Scholars are divided on reading the teachings on riches in 1 Tim. Evidence that has been largely overlooked in NT scholarship, Ephesiaca by Xenophon of Ephesus, suggests that the topic be revisited. Ephesiaca is a story about a rich Ephesian couple. This text brings to life what is known from ancient sources about the social setting and cultural rules of the rich in Ephesus and adds derails to enhance our knowledge of life and society. Recent scholarship has dated Ephesiaca to the mid-first century CE. If the Acts narrative is reliable, this locates the story in broadly the same timeframe as the ministry of Paul in Ephesus. Interestingly. the story contains some of the same general themes and rare terms found in the teachings on riches in I Tim. My argument does not focus on locating specific dates for I Tim or Ephesiaca. but rather, my aim is to analyze these two texts alongside each other and extant ancient sources. My dissertation begins by introducing Ephesiaca and the socio-rhetorical methodology used to explore it alongside other evidence and I Tim. The methodology has five parts: social and cultural texture, inner texture, intertexture. ideological texture, and sacred texture. The first texture is helpful for locating a Sitz im Leben of the rich in Ephesus, the social and cultural context that preceded the texts of I Tim and Ephesiaca. The four remai ni ng textu res are employed to scrutinize five passages: I Tim 2:9- \ 0; 3:1- 13; 6: 1-13; 6:2b- IO; and 6: 17- 19. The findings of this study reveal a fresh perspective on these texts. The teachings on riches in 1 Tim appear to call followers of Jesus to handle riches in a counter-cultural manner that is consistent with the trajectory of other NT teachings when read in light of ancient sources and Ephesiaca by Xenophon of Ephesus.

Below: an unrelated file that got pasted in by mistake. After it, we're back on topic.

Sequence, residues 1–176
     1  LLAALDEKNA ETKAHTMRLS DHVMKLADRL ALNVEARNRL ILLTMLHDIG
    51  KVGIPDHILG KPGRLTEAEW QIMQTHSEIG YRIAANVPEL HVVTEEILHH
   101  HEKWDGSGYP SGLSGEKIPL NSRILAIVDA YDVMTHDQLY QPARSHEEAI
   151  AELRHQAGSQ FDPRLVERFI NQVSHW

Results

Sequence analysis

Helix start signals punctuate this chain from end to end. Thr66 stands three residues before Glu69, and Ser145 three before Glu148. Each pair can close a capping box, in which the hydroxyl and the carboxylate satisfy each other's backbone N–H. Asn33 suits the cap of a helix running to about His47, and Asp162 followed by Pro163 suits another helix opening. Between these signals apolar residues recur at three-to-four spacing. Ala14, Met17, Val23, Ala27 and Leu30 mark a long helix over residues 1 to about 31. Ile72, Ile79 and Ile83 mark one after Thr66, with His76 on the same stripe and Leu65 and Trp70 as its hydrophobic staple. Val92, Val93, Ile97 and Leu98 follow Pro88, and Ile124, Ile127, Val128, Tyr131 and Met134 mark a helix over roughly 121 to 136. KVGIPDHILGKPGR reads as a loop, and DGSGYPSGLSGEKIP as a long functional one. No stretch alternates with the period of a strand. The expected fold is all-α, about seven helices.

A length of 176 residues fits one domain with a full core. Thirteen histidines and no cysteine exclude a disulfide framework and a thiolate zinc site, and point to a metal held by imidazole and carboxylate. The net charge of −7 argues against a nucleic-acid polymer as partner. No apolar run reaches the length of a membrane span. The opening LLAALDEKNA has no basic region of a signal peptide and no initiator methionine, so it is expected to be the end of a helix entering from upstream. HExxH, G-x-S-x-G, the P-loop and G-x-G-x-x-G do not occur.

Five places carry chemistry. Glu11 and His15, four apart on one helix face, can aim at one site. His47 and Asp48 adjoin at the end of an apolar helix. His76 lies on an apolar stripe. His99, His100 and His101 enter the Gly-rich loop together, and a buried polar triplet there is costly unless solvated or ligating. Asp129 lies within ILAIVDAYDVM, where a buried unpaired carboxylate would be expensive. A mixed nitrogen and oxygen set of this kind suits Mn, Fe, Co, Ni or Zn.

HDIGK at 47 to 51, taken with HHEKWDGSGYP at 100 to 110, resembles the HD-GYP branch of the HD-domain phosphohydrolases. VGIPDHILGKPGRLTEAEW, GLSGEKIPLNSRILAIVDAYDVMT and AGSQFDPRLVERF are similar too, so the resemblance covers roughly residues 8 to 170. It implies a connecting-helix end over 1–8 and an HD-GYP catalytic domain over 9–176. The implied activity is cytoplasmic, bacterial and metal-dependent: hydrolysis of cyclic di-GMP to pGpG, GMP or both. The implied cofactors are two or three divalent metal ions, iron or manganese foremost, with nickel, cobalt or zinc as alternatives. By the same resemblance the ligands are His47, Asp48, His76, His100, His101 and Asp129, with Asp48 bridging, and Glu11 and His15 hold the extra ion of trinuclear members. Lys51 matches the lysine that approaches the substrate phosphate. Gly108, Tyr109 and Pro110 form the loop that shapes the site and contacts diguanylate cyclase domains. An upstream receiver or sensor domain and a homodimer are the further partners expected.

|Date of Award||2013|